It was easy for Van Jones to be a Trump-bashing liberal pundit before he took time to meet the other side.
But once he did, Jones said, he learned “The Messy Truth” -- which is the title of his CNN town hall program.
"Trump is worse than I feared,” Jones told an audience at his South by Southwest presentation. “And his supporters are better than we know.”
Jones said he realized he was contributing to the polarization of U.S. politics after the presidential election, when he saw how his commentary through the eyes of his two children.
“Sometimes you get home and you call the kids and you can tell that they were watching,” he said. “And all I saw was grown folks fighting and not doing any of the things we tell them to do. Not listening. Not sharing. Not treating each other with respect sometimes. Not growing together. Not making friends.”
“I started thinking to myself, ‘Is there something that we’re missing? Is there something not just liberals and conservatives, but that the whole media establishment is missing?’ ”
So Jones decided to get out of his bubble and sit down with those who voted for President Donald Trump.
“CNN let me go to Pennsylvania and talk to Trump voters, to Ohio and West Virginia and Arizona,” he said. “And I met some of the most beautiful people I’ve ever met. Hardworking people. Honest people. Scared people. Hurt people. Good people who voted for somebody I think is undeserving of his office.”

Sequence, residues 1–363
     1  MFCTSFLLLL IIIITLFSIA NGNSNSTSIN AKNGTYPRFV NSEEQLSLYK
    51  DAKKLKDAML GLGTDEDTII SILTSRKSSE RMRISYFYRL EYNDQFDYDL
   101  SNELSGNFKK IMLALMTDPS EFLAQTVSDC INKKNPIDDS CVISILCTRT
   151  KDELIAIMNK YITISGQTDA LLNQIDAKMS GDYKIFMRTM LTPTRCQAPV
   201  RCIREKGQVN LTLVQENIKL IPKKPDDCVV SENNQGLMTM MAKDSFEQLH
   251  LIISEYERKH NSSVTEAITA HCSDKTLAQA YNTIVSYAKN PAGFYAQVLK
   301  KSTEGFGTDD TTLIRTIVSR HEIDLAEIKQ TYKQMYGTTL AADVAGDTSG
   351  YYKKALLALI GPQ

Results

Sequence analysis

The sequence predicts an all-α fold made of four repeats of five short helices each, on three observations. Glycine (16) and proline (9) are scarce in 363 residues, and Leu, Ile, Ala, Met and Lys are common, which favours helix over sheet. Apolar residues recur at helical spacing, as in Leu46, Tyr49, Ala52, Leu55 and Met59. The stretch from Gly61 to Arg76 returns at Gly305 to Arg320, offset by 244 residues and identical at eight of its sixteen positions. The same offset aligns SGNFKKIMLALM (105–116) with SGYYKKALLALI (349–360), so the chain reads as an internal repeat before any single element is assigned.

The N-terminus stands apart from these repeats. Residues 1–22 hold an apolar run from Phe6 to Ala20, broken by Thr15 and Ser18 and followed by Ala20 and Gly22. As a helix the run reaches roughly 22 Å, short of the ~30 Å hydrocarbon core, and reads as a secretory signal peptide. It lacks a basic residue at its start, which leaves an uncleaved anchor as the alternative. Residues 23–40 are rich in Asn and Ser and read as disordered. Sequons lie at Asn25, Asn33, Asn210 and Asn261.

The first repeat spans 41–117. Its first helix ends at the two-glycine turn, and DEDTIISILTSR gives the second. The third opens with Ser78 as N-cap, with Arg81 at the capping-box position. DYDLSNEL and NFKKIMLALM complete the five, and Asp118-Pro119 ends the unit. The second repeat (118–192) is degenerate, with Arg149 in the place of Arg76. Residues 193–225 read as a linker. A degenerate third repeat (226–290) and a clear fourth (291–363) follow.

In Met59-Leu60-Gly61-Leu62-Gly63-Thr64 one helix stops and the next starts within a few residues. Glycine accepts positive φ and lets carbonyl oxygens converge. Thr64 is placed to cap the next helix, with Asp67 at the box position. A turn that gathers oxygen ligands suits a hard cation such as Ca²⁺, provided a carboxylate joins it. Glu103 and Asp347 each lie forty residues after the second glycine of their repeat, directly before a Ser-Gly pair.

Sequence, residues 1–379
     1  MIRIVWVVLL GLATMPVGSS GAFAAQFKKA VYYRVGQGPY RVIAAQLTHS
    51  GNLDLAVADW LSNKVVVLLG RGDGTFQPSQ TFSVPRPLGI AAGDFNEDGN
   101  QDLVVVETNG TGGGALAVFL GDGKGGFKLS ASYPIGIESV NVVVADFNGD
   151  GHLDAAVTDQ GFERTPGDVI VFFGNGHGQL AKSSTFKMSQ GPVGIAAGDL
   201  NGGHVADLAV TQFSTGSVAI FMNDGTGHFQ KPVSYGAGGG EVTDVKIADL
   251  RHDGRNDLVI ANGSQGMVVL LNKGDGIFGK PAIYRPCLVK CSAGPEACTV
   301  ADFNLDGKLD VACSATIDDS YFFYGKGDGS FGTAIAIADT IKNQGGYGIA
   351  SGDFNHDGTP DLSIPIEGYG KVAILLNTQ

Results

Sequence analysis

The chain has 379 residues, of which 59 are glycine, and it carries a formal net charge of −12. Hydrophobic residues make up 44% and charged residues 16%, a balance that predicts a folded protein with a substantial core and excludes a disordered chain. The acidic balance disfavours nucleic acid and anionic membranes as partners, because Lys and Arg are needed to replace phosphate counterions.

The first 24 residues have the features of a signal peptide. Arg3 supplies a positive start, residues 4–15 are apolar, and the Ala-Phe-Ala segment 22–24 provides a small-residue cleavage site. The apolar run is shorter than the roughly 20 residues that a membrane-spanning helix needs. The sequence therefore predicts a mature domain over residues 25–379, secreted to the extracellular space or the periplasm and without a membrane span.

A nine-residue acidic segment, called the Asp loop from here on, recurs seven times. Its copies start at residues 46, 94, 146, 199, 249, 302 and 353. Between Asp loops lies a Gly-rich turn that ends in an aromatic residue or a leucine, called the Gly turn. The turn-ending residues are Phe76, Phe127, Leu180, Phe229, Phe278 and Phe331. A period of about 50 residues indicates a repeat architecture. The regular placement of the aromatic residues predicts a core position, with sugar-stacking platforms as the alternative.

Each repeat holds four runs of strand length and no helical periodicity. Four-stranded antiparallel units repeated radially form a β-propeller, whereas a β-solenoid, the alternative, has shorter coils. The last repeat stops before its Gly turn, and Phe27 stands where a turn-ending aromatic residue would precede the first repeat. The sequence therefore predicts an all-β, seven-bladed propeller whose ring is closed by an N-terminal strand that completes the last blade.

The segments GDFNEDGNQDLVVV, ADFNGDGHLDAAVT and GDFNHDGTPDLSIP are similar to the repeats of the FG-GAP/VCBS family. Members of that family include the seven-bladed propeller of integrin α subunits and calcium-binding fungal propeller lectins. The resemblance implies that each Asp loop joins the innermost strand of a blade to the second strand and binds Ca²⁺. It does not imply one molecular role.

He met coal miners with black lung disease; people who couldn’t find work; parents with kids addicted to opioids; people who just wanted their broken down towns to show signs of life again.
“I came away with a more complex view than I know how to share well on television, which is very frightening if you want to have a career in television,” Jones said.
The experience has challenged him to go beyond labels and name calling, he said. “The easiest thing in the world would be to just go on TV and say the lying liar lied again. And all the liberals would love me, and all the conservatives would hate me on Twitter, and not one thing would have a chance at changing.”
Instead, he said, he is focusing on finding common ground and ways that people can listen to each other, and even disagree, without shutting out other voices.
That’s even more challenging with social media, which amplifies the people we agree with, while muting those with opposing views.
“Everybody now has more information, more data and less wisdom than we had 10 years ago,” Jones said. “Something’s wrong, so I’m trying to find some pathway to help the country see itself a little bit more clearly. I don’t care if you agree with me. We don’t have to agree. It’s a democracy -- that’s the whole point. But you should try to understand, and the media should try to help you understand.”
News on Open Source is free and unlimited. Access to the rest of 512tech.com comes with an American-Statesman digital subscription, which also includes myStatesman.com and the ePaper edition. Subscribe at statesman.com/subscribe.